Turkeys exports were industrial goods.
e zal government revived Turkeys long moribund application to become a member of the European
Union. is was the beginning of a long process, but it
showed Turkeys commitment to become part of Europe and the West. Turkey had altered the economic
policies of Atatrk to meet a new age, but it had kept
his commitment to acceptance as a European state.


Turkey in the 21st Century:

An Analysis of Domestic Issues


Students will be able to:

1. Survey the current state of affairs for Turks at home and abroad.
2. Assess the successes, failures and challenges which confront Turkey today.
3. Develop a plan of operation to assist Turkey move forward at home and


We have all watched TV programs like e West Wing as well as followed the course
of Presidential elections and the development of party platforms and party strategy to meet the complex problems that face both pre- and post-industrial nations.
e leader of the nation needs to be very well informed about multiple issues. is
brieng is accomplished through a group of experts.
For the next few days, the class is going to take on the role of researchers, specialists and advisors for the President of Turkey. ey have been given the task of
determining what has been accomplished in the Turkish Republic, what problems
still face the nation and what action plans can be developed to help the state grow.


e teachers will divide the class into at least 15 groups. Some of the groups
will deal with domestic issues; other groups will focus on international issues.
Each group will be a special interest group and they will be given the task
of doing some in-depth research on a topic (either foreign or domestic).
e group will prepare a preliminary report for the President.
Aer presenting the rst report, the group will write an action plan to
help Turkey move ahead.

We have provided you with worksheets which deal with both foreign and domestic
concerns. ese are not all the possible topics. ere is little about Turkish education (both compulsory and higher education), youth culture, and other signicant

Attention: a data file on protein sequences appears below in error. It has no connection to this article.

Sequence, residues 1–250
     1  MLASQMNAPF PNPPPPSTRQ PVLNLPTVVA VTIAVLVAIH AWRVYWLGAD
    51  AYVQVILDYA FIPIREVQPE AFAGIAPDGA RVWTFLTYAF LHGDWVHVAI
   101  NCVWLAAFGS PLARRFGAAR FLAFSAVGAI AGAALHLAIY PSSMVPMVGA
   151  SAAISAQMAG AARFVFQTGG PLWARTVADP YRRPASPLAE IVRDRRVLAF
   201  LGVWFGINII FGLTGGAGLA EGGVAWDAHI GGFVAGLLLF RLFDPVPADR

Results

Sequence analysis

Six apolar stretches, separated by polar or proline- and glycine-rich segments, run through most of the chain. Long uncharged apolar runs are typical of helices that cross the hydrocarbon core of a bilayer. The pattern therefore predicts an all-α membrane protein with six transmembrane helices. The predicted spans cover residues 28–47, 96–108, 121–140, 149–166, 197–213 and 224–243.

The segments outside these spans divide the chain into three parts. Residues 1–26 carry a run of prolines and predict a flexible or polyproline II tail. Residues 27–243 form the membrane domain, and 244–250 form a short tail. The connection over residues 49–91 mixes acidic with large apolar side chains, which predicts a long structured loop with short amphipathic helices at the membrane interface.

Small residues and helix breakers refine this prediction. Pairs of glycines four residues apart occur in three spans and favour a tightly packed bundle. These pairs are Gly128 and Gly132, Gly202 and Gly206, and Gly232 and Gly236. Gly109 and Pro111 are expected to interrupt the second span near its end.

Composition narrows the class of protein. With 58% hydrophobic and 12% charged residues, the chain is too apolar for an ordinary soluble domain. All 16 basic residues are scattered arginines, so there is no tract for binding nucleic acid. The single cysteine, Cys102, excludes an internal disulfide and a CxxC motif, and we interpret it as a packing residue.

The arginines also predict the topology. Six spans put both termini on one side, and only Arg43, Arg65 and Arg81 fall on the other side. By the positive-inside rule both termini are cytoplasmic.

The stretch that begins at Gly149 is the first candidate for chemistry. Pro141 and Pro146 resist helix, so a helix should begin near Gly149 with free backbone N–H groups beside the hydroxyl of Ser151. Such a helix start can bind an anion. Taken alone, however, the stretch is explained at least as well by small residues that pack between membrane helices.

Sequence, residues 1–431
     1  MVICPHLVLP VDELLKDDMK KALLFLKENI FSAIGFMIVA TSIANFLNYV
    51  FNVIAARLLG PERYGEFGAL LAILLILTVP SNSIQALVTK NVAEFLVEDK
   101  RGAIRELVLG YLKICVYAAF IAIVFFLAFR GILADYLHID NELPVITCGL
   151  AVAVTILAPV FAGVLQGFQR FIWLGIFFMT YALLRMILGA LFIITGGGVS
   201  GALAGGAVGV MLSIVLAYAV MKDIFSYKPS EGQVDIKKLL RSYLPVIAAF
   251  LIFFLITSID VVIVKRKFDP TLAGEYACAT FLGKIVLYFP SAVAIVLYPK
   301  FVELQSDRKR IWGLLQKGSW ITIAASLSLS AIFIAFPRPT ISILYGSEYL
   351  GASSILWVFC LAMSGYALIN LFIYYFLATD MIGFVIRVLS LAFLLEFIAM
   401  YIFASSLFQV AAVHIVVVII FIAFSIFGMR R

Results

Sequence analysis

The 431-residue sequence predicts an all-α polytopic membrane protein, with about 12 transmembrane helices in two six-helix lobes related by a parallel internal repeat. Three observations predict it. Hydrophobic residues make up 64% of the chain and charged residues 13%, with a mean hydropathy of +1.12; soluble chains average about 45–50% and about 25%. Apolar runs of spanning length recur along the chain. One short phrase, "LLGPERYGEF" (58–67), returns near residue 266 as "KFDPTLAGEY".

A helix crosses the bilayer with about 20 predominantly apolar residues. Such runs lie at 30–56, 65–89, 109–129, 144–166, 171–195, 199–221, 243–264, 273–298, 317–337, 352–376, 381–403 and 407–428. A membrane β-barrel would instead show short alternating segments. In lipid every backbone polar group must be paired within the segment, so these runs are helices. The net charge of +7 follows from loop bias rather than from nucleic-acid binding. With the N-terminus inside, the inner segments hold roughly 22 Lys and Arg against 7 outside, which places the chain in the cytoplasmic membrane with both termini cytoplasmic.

issues. Students will decide which groups they want to join and then commence to
read the assigned material, do additional research both online and in print (good
online sources can be found in the Web Sites listing in the appendix as well as
through or
Day 1: Student groups will form and begin the research process aer the teacher has
spoken with the class.
Day 2: Student groups will develop rst dra of paper for President and other
Day 3: Students will meet as a group with the President and present the rst dra of
their report.




e teacher will reassemble the class. Each group will be asked to re-form
quickly and, based upon the reports presented to the whole body and other
gathered information, the groups will the develop a Five Step Action Plan.
Each plan will be written on poster paper and hung around the room. Class
will then respond to these plans, determining the feasibility of the plan, etc.
Class will then assess Turkey today.

Tourism is an important industry for modern Turkey. With its wealth of history, monuments, cruisine, coastlines and sunshine, it is a
favorite vacation destination for many Americans, as well as for Europeans.




International Concerns:
e Turkish Republic and the West

W W II T 5% a year in the 1980s.) In the 1990s Turkey continued

W - its economic opening to the West: e national cur . W rency, the Turkish Lira, became completely convertible
to Western values, Atatrk had favored neutralism, a
with other currencies. Taxes were changed to conform
policy dictated by the need to recover from the wounds to European models. Free trade in most commodiof World War I and fear of the dominant ideologies in
ties and industries began with the European Union
Eastern Europe in the 1930s, fascism and communism. countries. Indeed, Turkey became one of the foremost
Both fascism and communism tried to lure Turkey into champions of free trade.
its camp. However, aer World War II the situation had
altered. Stalin and Russian Communism were supreme
As they received European television, radio, and
in Eastern Europe. Turkey opposed them and allied movies, the Turks began to adopt many aspects of
with the United States. It fought
European culture. A walk down
alongside America in the Korean
the shopping streets of Ankara
War. Turkey joined as a full memor Istanbul revealed Turks who